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Reformed Confessions of the 16th and 17th Centuries: A Review Article

J. V. Fesko

Reformed Confessions of the 16th and 17th Centuries in English Translation: Volume 1, 1523-52, edited by James T. Dennison, Jr. Grand Rapids: Reformation Heritage Books, 2008, 820 pages, $50.00.

James Dennison has offered the first installment of a promised three-volume collection of Reformed confessions and catechisms. The first volume covers the period of 1523-52 and begins with Ulrich Zwingli's Sixty-Seven Articles (1523) and ends with John Calvin's Consensus Genevensis (1552). It might be a slight exaggeration to say that everything in between has been included, but it is not far off the mark.

Each of the thirty-three entries begins with a helpful historical introduction detailing the context from which the confession or catechism arose. There are some familiar entries, those that appear in Schaff's Creeds of Christendom, such as The First Helvetic Confession (1536) and the Ten Theses of Bern (1528), though both now appear in English rather than Latin! This of course makes these confessions more accessible to the average reader. In addition to these confessions, there are also others such as the Waldensian Confession (1531), the Bhomenian Confession (1535), and the Walloon Confession of Wesel (1544/45). These confessions are likely unknown to most readers and therefore provide new ground for learning about the history of the Reformed faith and its historic symbols.

A number of the confessions contain interesting and helpful points, such as in the Walloon Confession where it states that Jesus "has redeemed us from sin and by His glorious and triumphant resurrection we are justified" (465). The Bern Synod (1532) explains important points regarding preaching, "A Christian sermon should be entirely about and from Christ." It goes on to declare, "We shall not be found to be a preacher of the law, or a worldly preacher who teaches according to his own reasonings" (237). Or, concerning the nature of the sacraments, the Rhaetian Confession (1552) states: "We consider them to be sacraments, not as things in and of themselves, for we know that we are not so much saved by baptism as we are saved by what is signified in baptism" (674).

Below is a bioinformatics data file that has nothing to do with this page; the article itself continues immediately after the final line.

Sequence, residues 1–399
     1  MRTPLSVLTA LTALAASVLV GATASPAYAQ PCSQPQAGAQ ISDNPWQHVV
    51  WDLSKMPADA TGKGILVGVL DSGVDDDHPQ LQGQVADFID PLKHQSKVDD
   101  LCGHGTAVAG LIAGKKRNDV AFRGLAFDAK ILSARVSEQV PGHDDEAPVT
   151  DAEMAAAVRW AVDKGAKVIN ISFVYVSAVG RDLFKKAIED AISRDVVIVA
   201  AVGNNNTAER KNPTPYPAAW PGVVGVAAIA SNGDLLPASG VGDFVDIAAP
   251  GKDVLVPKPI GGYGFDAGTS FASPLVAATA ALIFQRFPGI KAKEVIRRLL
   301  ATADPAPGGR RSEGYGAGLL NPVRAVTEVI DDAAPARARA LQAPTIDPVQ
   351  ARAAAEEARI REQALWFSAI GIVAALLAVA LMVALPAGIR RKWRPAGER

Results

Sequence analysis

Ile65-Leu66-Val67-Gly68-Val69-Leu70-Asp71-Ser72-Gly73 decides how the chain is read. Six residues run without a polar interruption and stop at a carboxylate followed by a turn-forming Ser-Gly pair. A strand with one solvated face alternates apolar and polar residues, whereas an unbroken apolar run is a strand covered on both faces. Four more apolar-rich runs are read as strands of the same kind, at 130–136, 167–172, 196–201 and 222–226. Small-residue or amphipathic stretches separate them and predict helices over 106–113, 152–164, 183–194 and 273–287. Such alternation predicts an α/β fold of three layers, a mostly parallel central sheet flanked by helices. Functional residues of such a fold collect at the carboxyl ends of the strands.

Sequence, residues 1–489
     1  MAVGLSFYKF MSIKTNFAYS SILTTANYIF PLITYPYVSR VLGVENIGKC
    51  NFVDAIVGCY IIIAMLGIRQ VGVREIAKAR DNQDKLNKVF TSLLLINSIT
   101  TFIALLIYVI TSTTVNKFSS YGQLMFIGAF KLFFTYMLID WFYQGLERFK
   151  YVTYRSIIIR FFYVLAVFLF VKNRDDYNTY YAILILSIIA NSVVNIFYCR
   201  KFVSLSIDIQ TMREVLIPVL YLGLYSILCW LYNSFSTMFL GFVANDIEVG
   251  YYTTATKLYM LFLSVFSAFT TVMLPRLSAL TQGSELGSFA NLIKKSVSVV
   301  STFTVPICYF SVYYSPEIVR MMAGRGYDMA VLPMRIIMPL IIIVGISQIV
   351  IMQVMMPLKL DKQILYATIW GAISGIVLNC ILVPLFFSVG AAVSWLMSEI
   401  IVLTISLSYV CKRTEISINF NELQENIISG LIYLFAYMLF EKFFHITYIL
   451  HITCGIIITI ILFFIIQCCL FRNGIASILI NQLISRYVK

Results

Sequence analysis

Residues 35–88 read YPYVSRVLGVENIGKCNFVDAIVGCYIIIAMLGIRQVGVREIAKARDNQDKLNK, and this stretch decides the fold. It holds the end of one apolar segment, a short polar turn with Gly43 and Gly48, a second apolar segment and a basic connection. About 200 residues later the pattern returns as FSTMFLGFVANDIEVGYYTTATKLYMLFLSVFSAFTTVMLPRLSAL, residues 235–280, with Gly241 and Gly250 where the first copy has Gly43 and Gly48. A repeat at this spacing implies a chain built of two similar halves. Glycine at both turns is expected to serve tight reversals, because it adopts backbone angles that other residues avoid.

In one sense, it is difficult to find points on which to critique this work as it is not yet finished—there are two more projected volumes yet to be published. However, one hopes that the final volume will include indices of names, subjects, and Scripture references. Also, while translating these confessions and creeds into English is immensely helpful, providing the confessions in their original languages would be useful for the scholar. Perhaps the original language editions could be provided in a CD-ROM format as it has been given in Jaroslav Pelikan's Creeds and Confessions of Faith. It would also be interesting and helpful to see an essay regarding the historic nature and use of Reformed confessions. Nevertheless, laymen, elders, pastors, and scholars can all benefit from this first installment of Reformed confessions. This three-volume series is a most welcome publication and should prove enormously helpful for the Reformed community.

J. V. Fesko
Pastor, Geneva OPC, Woodstock, Ga.
Adjunct Prof. of Systematic Theology, Reformed Theological Seminary-Atlanta

Ordained Servant, November 2008.

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